Stark, Otto Boy Sleeping, 1894
Otto Stark was born in Indianapolis. Like many households, his family had a cow for milk. Taking it to pasture one morning, Stark sprained an ankle and was unable to continue at his job as a woodcarver standing at a bench. Thus at 16 he apprenticed to a Cincinnati lithographer and went to night classes at the Art Academy. In 1879 he went to the Art Students League in New York City and supported himself through illustrations, designs, and lithography. When many of his friends were going to Munich to study, he attended the Académie Julian in Paris. He studied under Gustave Boulanger, who was noted for his Oriental subject matter. Stark is one of the Hoosier Group.
Stark returned to the United States in 1888 and worked in New York City and Philadelphia until his wife died in 1891; then he brought his four children back to Indianapolis. Children were among his favorite subjects. He portrayed them in candid situations doing simple, everyday tasks. In 1899 he began teaching art at Emmerich Manual Training School. He also taught at the Herron Art Institute. Many of his pupils went on to become artists or art teachers. Once, when the Indianapolis school board asked pupils to write essays on “Why We Take Pride in Indianapolis,” Otto Stark followed right behind James Whitcomb Riley in popularity.
Stark wrote about his craft, and it is interesting to note his definition of his style: “Impressionism to me has always meant the retaining of the first impression which nature makes upon us as we approach her, be it of tone, quality, harmony, light, vibration, force, delicacy, color, etc., and rendering this impression, if necessary, to the exclusion or at the sacrifice of details or other qualities and characteristics not so essential or vital, and rendering it unhampered by tradition and conventionalities.”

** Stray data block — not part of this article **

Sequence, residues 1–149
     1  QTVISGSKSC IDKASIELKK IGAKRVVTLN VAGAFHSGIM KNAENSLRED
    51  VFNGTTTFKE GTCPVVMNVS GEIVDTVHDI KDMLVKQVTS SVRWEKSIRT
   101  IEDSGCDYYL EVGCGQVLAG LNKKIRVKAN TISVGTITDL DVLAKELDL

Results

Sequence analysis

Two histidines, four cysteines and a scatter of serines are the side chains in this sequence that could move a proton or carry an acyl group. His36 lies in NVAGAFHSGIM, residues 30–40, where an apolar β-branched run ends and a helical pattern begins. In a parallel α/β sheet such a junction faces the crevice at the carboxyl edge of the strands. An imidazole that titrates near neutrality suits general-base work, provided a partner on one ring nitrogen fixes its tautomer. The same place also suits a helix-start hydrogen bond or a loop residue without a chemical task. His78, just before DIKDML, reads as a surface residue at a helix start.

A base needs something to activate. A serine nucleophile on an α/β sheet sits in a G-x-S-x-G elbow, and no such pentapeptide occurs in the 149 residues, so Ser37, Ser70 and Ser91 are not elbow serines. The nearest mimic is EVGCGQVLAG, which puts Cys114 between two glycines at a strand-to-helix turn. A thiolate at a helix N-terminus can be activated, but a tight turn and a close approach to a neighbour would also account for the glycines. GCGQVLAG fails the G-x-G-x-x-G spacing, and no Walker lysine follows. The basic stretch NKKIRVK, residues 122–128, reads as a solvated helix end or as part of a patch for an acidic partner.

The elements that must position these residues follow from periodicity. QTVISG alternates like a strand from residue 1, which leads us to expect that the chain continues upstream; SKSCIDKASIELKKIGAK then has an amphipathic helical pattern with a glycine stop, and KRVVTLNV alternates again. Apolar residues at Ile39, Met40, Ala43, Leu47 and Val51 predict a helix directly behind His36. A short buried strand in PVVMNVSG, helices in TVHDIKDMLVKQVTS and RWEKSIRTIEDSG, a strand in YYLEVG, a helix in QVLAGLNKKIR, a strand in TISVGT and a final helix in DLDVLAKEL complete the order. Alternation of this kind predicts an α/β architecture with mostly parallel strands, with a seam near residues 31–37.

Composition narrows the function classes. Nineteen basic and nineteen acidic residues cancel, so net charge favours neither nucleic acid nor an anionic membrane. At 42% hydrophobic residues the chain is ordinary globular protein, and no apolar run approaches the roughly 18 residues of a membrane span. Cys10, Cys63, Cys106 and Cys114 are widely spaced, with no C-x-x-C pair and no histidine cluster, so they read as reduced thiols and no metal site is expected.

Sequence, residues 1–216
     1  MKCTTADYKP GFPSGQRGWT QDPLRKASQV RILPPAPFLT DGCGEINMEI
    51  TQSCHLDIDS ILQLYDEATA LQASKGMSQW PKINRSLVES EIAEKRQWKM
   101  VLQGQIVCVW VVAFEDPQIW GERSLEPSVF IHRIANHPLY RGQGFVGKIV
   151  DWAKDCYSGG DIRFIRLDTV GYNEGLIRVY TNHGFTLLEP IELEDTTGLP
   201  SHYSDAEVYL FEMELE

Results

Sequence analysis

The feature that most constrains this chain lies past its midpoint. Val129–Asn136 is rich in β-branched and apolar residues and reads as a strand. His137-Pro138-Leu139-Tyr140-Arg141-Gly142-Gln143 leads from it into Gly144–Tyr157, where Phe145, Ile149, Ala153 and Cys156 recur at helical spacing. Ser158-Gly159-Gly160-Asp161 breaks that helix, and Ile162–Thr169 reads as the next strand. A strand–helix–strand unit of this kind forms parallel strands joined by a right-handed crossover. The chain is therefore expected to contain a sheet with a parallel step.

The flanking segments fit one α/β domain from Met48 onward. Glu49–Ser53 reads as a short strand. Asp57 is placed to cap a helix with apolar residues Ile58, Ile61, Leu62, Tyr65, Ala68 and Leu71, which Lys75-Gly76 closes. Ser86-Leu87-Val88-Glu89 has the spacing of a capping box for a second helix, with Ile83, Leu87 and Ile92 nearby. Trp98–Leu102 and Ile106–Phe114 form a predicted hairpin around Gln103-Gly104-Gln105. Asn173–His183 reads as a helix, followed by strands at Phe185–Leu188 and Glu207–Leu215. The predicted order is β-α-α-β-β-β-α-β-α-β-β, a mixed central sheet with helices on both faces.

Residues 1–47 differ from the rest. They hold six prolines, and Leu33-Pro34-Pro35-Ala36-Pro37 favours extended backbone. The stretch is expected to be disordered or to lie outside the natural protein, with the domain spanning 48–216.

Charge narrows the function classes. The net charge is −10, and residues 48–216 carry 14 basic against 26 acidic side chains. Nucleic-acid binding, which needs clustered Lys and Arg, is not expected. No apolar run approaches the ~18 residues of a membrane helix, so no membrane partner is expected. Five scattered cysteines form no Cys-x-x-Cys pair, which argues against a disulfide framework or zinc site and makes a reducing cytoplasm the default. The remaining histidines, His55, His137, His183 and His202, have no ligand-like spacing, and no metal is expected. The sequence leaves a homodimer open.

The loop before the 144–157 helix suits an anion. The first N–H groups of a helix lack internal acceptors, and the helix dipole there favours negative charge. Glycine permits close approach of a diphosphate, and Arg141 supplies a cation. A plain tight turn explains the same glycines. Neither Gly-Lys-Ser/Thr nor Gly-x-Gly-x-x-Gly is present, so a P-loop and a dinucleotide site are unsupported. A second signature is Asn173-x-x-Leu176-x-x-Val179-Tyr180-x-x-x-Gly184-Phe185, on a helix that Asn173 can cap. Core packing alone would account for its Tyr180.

- Boy Sleeping, ca. 1894
- 18″ x 23 7/8″
- Private Collection
- Keywords: paintings, narrative, oil on canvas
- Subjects: outdoors, people, boys, hats, toys, Hoosier Group
This painting is of Stark’s third child, Paul, born in 1890. It is painterly, with heavy brush strokes, and is Impressionist in style. A similar painting titled Tired Out has certain details changed. A wagon has been added behind Paul, and a crop lies under his left hand. Some details about the boy’s attire have also been altered. The hat and toy horse in the foreground in this painting have been omitted in Tired Out. Boy Sleeping shows an attention to detail that has the mark of a carefully crafted product. This version fits Stark’s conception of Impressionism. He has kept the background simple, almost atmospheric. He emphasized the boy, his hat, and his toy horse.
Some Points To Consider
- Was Boy Sleeping painted according to Stark’s definition of Impressionism? Do you think he captured the relaxed, unposed sleeping boy, the shadows of the tree, the dappled light, and the atmosphere on a first impression? Why or why not? (Art 4.2.2)
- What is happening in this painting? Do you feel the impromptu nature of this painting is a boy who has abandoned his toys and play and is too tired to continue? Does this scene hold your attention and remind you of a time that you have felt this way? (Art 4.5.1)